In May of 2001 my family and some friends went to the Big Island for the first time. I think we stayed at Kilauea Military Camp right in the park. While Pele was evident in Volcanoes National Park by the steam vents, you couldn’t see lava. So we took a helicopter ride. From the safety of the air we saw the last three remaining houses of the Royal Gardens neighborhood-which had largely been destroyed in the lava flow of 1990. Other sights included a faint glimmer of lava in the Kilauea caldera and some lava trickling in the ocean.
That trickle had an accompanying white plume of steam. The pilot/guide assured us it was a toxic cloud of basically hydrochloric acid. As we circled around the plume, he added that it was so corrosive that even heavy duty equipment designed for brutal conditions had a very short life span if left in the area for even hours. This was our introduction into what has recently been called laze in the extensive media coverage.
My point in this story is that laze is by no means a “new” threat. Those of us who have traveled and hiked Kilauea have heard the warnings of avoiding areas where the lava pours into the ocean, before. Indeed, there have been deaths attributed to exposure to the steam. The difference now seems to be that the areas of Lower Puna and the Ka’u desert have been increasing in population in the past twenty years. According to non-confirmed reports 20,000 more residents have moved into the area within that time.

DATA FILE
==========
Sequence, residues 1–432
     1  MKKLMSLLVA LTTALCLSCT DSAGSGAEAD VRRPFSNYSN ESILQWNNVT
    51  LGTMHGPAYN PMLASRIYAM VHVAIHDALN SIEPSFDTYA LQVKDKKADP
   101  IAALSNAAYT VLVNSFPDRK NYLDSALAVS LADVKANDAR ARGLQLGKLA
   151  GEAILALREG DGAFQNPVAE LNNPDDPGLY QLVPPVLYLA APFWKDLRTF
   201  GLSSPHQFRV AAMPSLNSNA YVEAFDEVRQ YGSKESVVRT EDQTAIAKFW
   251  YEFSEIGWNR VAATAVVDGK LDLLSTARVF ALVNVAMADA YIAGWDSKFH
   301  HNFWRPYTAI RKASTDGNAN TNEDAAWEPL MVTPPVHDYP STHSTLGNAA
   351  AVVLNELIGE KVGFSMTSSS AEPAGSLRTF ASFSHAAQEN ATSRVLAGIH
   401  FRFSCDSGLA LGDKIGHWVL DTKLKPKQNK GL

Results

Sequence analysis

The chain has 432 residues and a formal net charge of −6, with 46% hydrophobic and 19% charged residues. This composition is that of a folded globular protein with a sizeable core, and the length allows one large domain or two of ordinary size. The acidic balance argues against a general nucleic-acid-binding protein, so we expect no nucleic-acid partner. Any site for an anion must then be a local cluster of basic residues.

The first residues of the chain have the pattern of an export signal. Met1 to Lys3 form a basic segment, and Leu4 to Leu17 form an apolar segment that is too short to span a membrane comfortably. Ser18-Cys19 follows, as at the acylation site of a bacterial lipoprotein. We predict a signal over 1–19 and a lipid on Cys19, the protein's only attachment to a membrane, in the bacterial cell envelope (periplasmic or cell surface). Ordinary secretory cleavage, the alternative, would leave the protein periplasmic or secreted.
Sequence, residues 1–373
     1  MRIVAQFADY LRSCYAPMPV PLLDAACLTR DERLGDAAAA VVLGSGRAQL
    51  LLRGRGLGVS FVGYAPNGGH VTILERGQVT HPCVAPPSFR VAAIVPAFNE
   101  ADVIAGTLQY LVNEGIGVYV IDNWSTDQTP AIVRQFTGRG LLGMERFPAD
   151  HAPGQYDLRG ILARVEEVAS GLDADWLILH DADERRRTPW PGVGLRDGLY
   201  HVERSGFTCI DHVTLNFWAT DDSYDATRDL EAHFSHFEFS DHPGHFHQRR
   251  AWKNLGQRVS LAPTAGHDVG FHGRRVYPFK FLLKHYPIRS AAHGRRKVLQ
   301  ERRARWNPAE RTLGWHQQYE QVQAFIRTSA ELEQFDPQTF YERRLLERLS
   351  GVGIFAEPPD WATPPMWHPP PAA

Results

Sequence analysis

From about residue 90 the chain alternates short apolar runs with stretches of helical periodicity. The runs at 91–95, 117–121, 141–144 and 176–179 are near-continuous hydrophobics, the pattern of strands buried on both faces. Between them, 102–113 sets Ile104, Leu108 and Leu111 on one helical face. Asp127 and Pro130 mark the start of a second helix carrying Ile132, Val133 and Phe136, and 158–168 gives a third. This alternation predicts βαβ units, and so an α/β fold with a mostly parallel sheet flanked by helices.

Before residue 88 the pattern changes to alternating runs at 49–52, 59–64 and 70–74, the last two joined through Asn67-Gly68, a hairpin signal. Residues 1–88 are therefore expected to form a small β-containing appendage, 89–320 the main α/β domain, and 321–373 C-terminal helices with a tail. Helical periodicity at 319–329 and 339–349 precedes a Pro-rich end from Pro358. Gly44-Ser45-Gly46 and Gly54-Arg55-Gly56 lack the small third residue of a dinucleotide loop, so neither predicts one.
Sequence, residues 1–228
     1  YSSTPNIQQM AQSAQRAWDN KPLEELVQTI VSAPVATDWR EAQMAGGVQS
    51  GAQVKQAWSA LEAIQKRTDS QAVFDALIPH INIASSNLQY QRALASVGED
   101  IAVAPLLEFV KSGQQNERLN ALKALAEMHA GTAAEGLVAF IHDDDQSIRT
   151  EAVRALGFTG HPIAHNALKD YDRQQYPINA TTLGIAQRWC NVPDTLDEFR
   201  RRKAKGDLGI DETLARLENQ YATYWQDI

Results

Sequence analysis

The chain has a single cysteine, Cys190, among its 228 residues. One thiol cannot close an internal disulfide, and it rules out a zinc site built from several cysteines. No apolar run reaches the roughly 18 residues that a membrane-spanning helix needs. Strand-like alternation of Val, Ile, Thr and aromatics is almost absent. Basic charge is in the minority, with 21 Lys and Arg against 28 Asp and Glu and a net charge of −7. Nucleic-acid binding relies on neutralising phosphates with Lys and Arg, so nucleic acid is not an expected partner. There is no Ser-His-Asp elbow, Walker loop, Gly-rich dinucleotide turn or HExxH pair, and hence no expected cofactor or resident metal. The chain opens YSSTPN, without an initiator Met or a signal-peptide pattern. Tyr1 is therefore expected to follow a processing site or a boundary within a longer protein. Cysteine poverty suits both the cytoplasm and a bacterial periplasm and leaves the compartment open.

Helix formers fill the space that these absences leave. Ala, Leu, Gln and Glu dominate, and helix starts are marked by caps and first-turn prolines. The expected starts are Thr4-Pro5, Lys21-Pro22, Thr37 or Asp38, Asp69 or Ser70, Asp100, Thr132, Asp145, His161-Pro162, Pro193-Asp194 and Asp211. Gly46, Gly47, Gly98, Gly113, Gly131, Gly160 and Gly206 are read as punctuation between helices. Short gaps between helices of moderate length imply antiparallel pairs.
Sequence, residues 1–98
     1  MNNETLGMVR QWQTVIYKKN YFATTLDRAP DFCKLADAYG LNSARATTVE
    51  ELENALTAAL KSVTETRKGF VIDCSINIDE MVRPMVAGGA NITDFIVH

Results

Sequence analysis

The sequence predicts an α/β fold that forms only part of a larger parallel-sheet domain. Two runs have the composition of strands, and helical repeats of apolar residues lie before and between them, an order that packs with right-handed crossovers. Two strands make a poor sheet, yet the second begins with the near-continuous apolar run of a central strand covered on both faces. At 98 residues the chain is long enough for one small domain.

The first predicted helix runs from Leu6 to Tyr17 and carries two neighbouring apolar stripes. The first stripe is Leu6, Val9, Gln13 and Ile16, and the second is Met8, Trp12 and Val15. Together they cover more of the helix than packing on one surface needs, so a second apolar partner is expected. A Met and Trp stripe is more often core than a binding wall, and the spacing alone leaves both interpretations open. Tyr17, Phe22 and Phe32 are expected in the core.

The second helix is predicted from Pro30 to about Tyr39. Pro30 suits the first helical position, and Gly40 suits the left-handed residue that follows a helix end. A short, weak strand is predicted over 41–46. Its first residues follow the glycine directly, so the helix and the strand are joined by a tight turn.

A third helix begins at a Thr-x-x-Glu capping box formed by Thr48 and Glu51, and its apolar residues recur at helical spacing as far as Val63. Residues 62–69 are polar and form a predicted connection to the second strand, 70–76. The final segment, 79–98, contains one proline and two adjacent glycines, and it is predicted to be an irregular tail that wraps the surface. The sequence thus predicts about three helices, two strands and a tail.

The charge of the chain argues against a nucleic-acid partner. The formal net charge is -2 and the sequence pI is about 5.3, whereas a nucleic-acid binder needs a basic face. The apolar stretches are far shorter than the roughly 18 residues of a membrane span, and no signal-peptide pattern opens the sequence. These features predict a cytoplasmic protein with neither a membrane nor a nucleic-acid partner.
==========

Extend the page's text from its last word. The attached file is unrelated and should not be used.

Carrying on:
The term laze is not a new term. It seems to be in the volcanology literature as far back as 1912 when mentioned in a chemistry textbook by Edward Thorpe. Of course it is possible that the term existed before. The thing to know is laze is dangerous and exposure is potentially fatal. However, the good news is while laze is much more dangerous than its cousin vog; laze does not have nearly the persistence of vog. The Hawaii Volcano Observatory reported yesterday (May 20th, 2018) that it can be carried at most 15 miles. Like vog, it is impossible to get a consistent measure of its chemical and particulate make up due to the constantly changing nature of the lava. Below is an imperfect but simple way of distinguishing between vog and laze.
Trissa DiBenedetto WAlter
Is a singer, voice teacher, speech language pathologist, and certified vocologist